Most directly, the "hateful relationship" of the two families causes the death of Romeo and Juliet. The prologue tells us this:
From forth the fatal loins of these two foes
A pair of star-cross'd lovers take their life;
Whose misadventur'd piteous overthrows
Doth, with their death, bury their parents’ strife.
The fearful passage of their death-mark'd love,
And the continuance of their parents’ rage,
Which, but their children's end, naught could remove,
Is now the two hours’ traffic of our stage;
It is the death of the children that ends the "parents' strife." Nothing else could make the rage go away.
How does it all come about? When Romeo and Juliet meet, there is an instant connection that is shortly built to love in their minds. They are both distraught to discover that the other one belongs to the "enemy." However, Romeo sneaks into the garden of the Capulets and meets with Juliet at her balcony. This fuels their attraction and love, and makes them eager to overcome the obstacle of their families. However, there is no way for them to meet. Juliet, as a young woman in this time period, does not have the freedom to move about. Therefore, they jump to marriage. Once married, their families can't intervene.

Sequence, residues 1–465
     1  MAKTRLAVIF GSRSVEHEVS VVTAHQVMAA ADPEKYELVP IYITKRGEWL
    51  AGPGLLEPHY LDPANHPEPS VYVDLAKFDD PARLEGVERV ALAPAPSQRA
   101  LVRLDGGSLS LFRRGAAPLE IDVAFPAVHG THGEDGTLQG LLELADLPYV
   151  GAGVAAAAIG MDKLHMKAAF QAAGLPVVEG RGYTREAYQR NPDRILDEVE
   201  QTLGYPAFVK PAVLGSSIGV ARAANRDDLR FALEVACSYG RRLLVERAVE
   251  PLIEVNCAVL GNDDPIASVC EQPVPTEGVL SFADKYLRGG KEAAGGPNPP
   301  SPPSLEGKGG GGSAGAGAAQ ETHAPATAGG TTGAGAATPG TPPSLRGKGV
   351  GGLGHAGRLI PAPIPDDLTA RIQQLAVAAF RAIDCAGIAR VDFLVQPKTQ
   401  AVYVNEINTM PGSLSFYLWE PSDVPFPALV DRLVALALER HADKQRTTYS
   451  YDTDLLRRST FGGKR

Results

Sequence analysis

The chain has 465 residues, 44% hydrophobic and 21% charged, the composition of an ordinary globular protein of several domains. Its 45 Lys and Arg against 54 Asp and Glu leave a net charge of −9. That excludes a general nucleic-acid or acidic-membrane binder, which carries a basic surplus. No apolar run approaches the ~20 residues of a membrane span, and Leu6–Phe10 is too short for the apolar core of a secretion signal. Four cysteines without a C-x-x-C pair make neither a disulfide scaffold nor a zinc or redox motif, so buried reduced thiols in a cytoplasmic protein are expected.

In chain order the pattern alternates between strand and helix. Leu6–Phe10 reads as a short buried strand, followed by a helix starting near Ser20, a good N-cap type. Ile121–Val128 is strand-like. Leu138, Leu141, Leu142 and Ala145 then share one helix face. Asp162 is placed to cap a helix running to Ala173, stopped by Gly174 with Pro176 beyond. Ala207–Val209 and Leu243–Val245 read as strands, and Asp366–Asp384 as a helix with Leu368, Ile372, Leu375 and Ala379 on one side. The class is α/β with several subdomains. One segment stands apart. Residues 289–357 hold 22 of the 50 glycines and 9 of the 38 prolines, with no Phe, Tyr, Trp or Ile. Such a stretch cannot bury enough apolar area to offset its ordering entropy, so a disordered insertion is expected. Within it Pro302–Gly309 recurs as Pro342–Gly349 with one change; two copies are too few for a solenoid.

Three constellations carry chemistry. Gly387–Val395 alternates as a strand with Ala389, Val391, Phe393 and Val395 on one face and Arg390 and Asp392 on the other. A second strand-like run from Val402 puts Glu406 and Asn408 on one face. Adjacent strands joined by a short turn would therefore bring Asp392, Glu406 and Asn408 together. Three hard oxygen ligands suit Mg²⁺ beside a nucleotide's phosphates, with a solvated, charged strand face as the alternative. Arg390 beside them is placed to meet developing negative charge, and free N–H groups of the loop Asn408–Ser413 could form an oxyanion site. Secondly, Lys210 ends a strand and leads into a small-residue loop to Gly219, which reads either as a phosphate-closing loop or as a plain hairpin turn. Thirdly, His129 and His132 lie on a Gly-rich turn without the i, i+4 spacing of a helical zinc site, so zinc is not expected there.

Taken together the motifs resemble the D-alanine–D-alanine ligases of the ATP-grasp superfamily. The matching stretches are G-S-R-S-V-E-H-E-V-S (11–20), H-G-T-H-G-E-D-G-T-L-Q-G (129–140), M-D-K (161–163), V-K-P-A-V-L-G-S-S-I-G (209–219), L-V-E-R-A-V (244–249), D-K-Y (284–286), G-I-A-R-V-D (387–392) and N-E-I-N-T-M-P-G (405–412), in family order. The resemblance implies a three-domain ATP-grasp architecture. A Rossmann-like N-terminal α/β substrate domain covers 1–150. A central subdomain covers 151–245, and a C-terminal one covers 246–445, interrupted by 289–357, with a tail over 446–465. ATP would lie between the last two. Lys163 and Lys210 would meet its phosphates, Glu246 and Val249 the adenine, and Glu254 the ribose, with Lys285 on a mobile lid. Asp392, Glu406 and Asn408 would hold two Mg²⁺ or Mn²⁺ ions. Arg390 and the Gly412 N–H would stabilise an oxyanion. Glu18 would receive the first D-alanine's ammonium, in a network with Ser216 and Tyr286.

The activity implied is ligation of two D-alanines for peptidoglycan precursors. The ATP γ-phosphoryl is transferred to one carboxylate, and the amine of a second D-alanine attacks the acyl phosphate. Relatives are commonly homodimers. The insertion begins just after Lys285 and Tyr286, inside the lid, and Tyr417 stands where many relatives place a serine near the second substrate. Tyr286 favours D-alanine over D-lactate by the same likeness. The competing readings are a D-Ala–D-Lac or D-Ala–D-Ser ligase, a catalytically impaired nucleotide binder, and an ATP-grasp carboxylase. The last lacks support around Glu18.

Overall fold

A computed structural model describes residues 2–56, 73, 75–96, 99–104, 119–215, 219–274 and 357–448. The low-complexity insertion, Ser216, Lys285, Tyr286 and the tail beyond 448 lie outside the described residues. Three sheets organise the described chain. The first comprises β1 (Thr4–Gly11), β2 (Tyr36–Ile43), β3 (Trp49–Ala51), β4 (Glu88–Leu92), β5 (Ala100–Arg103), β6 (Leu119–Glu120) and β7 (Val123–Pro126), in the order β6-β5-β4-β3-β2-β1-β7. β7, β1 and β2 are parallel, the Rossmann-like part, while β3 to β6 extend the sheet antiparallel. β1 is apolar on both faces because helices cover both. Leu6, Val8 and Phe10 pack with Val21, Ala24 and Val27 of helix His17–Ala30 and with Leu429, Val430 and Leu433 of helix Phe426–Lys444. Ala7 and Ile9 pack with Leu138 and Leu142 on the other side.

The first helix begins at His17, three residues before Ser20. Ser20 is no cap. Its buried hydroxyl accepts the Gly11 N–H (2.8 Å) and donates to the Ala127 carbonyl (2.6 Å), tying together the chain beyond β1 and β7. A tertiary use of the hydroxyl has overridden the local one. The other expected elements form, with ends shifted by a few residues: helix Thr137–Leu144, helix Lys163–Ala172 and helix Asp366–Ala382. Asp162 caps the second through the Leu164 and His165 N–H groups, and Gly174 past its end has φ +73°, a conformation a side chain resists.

Or can they? Tybalt, upset that Romeo showed up at the Capulets' ball, confronts Romeo. This is the hatred between the families again getting in Romeo and Juliet's way. In the confrontation, Tybalt kills Mercutio and Romeo kills Tybalt in revenge. Romeo makes a clear choice to allow the families' conflict win out over his new bride:
Away to heaven respective lenity,
And fire-ey'd fury be my conduct now!
Romeo is sending away the "lenity", or gentleness, that had him ignore Tybalt's insults, knowing that Tybalt is a cousin to his new wife. But fury now wins out, and he kills Tybalt, causing him to be banished. This sets into action the chain of events that leads to both characters committing suicide.